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I'm new to LINQ, but I have some background in T-SQL. I know there are probably 100 different ways to design a T-SQL statement that would run this much more efficiently, but I'm not sure how I would do it in LINQ and I would like to stick with LINQ.

This works perfectly well, I just hate the way it looks and am unsure of how to fix it.

I am using MVC3, C#, LINQ, Entity Framework 4.3

public class CollectionRepository : ICollectionRepository {
    private CollectionEntities db = new CollectionEntities();

    public IEnumerable<Collection> GetCollectionByUid(long id) {
        var _collection = (from c in db.UserCollections
                          where c.uid == id
                          orderby c.CreateDate descending
                          select new Collection {
                              Name = c.CollectionName,
                              Type = (from t in db.CollectionTypes
                                      where t.ctypeid == c.Type
                                      select t.CollectionTypeName).FirstOrDefault(),
                              Created = c.CreateDate,
                              Count = (from f in db.Figures
                                       where f.CollectionID == c.cid
                                       select f).Count()
                          }).ToList();
        return _collection;
    }
}

The constructors it points to:

public class Collection {
    public string Name { get; set; }
    public string Type { get; set; }
    public DateTime Created { get; set; }
    public int Count { get; set; }
}
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7
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As this is EF code, assuming you have all the associations set up correctly, you should be able to write it something like this:

public IEnumerable<Collection> GetCollectionByUid(long uid) {
    var result =
       (from collection in db.UserCollections
        where collection.uid == uid
        orderby collection.CreateDate descending
        select new Collection {
            Name = collection.CollectionName,
            Type = collection.CollectionType.CollectionTypeName,
            Created = collection.CreateDate,
            Count = collection.Figures.Count(),
        }).ToList();
    return result;
}

My only real criticism is the variable names.

Local variables or parameters should not be prefixed with an underscore. IMHO, it should only be allowed for private instance fields. So rather than using _collection, it would be better off as collection (though I used result for the name here instead).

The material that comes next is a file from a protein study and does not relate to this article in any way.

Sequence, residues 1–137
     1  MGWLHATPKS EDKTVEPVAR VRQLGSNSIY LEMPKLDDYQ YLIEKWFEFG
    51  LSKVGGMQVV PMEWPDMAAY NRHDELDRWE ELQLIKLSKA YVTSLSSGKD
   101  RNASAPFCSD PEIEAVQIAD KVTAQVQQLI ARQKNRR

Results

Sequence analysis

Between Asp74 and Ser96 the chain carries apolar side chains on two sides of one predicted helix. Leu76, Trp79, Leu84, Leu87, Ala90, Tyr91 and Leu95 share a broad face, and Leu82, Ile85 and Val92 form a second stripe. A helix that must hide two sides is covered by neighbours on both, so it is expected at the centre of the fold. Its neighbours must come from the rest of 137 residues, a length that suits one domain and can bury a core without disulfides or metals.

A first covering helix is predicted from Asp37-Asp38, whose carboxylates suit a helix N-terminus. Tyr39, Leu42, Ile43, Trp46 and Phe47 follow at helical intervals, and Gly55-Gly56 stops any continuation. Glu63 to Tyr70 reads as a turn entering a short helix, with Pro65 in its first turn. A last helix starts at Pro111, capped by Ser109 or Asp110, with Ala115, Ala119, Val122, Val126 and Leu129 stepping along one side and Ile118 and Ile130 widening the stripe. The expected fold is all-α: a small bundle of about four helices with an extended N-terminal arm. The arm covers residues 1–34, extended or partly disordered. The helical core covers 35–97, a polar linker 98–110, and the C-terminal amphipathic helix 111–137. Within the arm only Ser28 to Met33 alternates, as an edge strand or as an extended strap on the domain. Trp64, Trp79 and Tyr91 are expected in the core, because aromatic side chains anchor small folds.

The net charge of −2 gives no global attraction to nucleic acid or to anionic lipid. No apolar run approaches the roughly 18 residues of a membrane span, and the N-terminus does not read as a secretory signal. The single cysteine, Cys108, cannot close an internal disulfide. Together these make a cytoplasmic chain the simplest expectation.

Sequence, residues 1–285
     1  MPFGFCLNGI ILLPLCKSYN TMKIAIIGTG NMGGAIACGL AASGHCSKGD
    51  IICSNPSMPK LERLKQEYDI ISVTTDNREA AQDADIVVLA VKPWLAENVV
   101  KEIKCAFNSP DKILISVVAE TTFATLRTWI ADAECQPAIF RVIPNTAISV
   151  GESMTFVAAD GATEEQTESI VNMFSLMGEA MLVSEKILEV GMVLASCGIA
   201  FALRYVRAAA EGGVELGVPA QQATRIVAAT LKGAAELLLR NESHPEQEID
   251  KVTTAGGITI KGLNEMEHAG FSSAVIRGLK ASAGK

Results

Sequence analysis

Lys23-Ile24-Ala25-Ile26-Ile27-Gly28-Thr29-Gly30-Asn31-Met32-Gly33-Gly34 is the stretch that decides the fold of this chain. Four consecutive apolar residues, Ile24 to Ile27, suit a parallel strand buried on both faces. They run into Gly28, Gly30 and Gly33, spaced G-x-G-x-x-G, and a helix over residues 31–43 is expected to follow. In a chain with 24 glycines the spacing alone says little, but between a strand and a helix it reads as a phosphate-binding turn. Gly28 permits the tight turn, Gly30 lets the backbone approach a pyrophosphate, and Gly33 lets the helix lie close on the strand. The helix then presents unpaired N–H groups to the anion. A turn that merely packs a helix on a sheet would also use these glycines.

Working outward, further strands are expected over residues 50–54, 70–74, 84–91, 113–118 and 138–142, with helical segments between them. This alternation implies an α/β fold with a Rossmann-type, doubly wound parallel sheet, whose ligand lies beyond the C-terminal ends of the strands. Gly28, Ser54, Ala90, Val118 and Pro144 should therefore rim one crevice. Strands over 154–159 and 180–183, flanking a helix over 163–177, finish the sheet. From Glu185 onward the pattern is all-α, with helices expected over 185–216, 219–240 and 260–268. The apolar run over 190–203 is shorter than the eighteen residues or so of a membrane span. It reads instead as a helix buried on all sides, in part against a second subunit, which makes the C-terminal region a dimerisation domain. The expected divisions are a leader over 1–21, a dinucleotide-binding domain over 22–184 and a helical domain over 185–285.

Parameter names are very much part of the documentation as well (especially so in C# and .NET in general). The method is called GetCollectionByUid which suggests you provide a uid. The parameter name should reflect that. Call it uid since that's what it is.

Personal preference but I also prefer to write out the full/reasonable-length variable names in queries. I reserve significantly shortened variable names (i.e., one character variable names) in lambda expressions.

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  • \$\begingroup\$ Great! Thanks. I was wondering how I could better use those associations! \$\endgroup\$ – mawburn Jul 13 '12 at 1:31
  • \$\begingroup\$ +1 But I would also ditch the "Collection" prefix out of every property which belongs to a Collection class. Collection.Name and Collection.Type should be enough. On the other hand, the class itself should probably be renamed to FigureCollection (if that's what it's used for) or something similar which would explain what data it contains. \$\endgroup\$ – Groo Jul 13 '12 at 7:51
  • \$\begingroup\$ @Groo: You know, I didn't even notice the names of those properties on the entities. I definitely agree with that. Though it'd be moot if they can't be renamed in the DB. Even though the names of the entities and their properties doesn't necessarily have to match that of in the DB, they should always match IMHO. \$\endgroup\$ – Jeff Mercado Jul 13 '12 at 13:34

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